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Almost marginal conditional stochastic dominance

Author

Listed:
  • Denuit, Michel M.
  • Huang, Rachel J.
  • Tzeng, Larry Y.
  • Wang, Christine W.

Abstract

Marginal Conditional Stochastic Dominance (MCSD) developed by Shalit and Yitzhaki (1994) gives the conditions under which all risk-averse individuals prefer to increase the share of one risky asset over another in a given portfolio. In this paper, we extend this concept to provide conditions under which most (and not all) risk-averse investors behave in this way. Instead of stochastic dominance rules, almost stochastic dominance is used to assess the superiority of one asset over another in a given portfolio. Switching from MCSD to Almost MCSD (AMCSD) helps to reconcile common practices in asset allocation and the decision rules supporting stochastic dominance relations. A financial application is further provided to demonstrate that using AMCSD can indeed improve investment efficiency.

Suggested Citation

  • Denuit, Michel M. & Huang, Rachel J. & Tzeng, Larry Y. & Wang, Christine W., 2014. "Almost marginal conditional stochastic dominance," Journal of Banking & Finance, Elsevier, vol. 41(C), pages 57-66.
  • Handle: RePEc:eee:jbfina:v:41:y:2014:i:c:p:57-66
    DOI: 10.1016/j.jbankfin.2013.12.014
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    References listed on IDEAS

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    1. Haim Shalit & Shlomo Yitzhaki, 2003. "An Asset Allocation Puzzle: Comment," American Economic Review, American Economic Association, vol. 93(3), pages 1002-1008, June.
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    3. Haim Shalit & Shlomo Yitzhaki, 2010. "How does beta explain stochastic dominance efficiency?," Review of Quantitative Finance and Accounting, Springer, vol. 35(4), pages 431-444, November.
    4. Ephraim Clark & Konstantinos Kassimatis, 2013. "International equity flows, marginal conditional stochastic dominance and diversification," Review of Quantitative Finance and Accounting, Springer, vol. 40(2), pages 251-271, February.
    5. Louis Eeckhoudt & Harris Schlesinger, 2006. "Putting Risk in Its Proper Place," American Economic Review, American Economic Association, vol. 96(1), pages 280-289, March.
    6. Clark, Ephraim & Jokung, Octave & Kassimatis, Konstantinos, 2011. "Making inefficient market indices efficient," European Journal of Operational Research, Elsevier, vol. 209(1), pages 83-93, February.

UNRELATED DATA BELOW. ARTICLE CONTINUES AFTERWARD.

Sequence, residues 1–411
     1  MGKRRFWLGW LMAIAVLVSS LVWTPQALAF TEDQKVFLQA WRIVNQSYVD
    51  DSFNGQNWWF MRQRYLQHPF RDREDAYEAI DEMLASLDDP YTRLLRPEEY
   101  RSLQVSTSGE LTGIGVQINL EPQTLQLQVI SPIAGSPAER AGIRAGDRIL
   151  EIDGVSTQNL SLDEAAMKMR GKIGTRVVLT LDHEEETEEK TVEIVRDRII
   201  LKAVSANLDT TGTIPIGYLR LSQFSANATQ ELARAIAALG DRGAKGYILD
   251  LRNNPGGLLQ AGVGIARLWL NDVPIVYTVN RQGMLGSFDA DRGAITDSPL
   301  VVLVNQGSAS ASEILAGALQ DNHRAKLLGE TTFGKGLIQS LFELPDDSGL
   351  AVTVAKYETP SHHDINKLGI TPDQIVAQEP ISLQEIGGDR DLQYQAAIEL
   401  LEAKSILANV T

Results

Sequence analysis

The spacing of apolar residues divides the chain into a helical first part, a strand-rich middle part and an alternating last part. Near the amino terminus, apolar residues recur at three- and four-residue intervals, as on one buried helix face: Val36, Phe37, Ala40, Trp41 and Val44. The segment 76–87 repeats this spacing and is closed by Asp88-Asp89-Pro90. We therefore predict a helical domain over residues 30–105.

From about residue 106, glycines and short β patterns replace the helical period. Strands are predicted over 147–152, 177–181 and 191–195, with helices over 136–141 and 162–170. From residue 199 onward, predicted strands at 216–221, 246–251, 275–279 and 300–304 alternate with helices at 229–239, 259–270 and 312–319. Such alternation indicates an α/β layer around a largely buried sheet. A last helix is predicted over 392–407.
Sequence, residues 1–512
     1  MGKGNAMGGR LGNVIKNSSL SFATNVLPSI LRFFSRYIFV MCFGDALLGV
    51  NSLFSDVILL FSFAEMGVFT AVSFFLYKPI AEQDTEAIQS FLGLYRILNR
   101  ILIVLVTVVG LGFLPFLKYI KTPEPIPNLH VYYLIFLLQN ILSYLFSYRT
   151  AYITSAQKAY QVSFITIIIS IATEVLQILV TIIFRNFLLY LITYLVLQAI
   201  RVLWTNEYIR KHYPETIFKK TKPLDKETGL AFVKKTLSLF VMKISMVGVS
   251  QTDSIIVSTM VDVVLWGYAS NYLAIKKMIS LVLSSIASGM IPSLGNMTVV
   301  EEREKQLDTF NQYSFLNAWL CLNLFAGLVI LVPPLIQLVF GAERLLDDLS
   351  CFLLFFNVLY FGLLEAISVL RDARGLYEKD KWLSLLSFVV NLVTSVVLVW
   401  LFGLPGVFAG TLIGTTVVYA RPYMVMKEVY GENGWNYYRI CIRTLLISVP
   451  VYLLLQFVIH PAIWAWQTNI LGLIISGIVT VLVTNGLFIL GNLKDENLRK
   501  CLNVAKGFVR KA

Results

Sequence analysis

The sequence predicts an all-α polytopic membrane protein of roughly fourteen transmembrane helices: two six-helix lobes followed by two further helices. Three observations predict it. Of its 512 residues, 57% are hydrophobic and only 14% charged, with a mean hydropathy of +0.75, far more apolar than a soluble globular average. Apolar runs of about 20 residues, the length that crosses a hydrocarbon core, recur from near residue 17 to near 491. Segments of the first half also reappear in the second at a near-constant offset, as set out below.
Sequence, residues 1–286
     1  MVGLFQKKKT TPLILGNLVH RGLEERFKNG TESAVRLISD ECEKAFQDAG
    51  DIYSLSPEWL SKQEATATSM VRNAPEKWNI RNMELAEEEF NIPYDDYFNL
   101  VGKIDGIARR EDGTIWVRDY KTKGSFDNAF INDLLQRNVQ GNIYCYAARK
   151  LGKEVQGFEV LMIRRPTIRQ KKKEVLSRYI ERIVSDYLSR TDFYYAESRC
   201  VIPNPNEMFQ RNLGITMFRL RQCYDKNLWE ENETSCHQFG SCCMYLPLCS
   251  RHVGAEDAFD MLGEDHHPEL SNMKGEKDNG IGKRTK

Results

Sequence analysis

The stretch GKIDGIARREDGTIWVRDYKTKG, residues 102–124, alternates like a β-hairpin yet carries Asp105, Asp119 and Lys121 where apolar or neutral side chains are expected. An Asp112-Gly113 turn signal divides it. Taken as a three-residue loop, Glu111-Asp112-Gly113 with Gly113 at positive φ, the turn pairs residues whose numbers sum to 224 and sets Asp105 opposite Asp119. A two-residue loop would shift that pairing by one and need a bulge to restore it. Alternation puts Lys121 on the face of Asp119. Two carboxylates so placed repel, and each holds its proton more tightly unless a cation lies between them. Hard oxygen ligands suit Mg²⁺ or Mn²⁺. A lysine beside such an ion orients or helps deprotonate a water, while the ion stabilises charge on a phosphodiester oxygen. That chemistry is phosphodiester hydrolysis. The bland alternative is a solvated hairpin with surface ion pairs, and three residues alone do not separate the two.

7. Chow, K Victor, 2001. "Marginal Conditional Stochastic Dominance, Statistical Inference, and Measuring Portfolio Performance," Journal of Financial Research, Southern Finance Association;Southwestern Finance Association, vol. 24(2), pages 289-307, Summer.
    8. Schechtman, Edna & Shelef, Amit & Yitzhaki, Shlomo & Zitikis, Ričardas, 2008. "Testing Hypotheses About Absolute Concentration Curves And Marginal Conditional Stochastic Dominance," Econometric Theory, Cambridge University Press, vol. 24(04), pages 1044-1062, August.
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    10. Moshe Leshno & Haim Levy, 2002. "Preferred by "All" and Preferred by "Most" Decision Makers: Almost Stochastic Dominance," Management Science, INFORMS, vol. 48(8), pages 1074-1085, August.
    11. Clark, Ephraim & Kassimatis, Konstantinos, 2012. "An empirical analysis of marginal conditional stochastic dominance," Journal of Banking & Finance, Elsevier, vol. 36(4), pages 1144-1151.
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    Citations

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    Cited by:

    1. Gleb Gersman & Haim Shalit, 2014. "Optimizing MCSD Portfolios," Working Papers 1410, Ben-Gurion University of the Negev, Department of Economics.
    2. Bruni, Renato & Cesarone, Francesco & Scozzari, Andrea & Tardella, Fabio, 2017. "On exact and approximate stochastic dominance strategies for portfolio selection," European Journal of Operational Research, Elsevier, vol. 259(1), pages 322-329.

    More about this item

    Keywords

    Marginal conditional stochastic dominance; Almost stochastic dominance; Asset allocation; Optimal investment;

    JEL classification:

    • D81 - Microeconomics - - Information, Knowledge, and Uncertainty - - - Criteria for Decision-Making under Risk and Uncertainty

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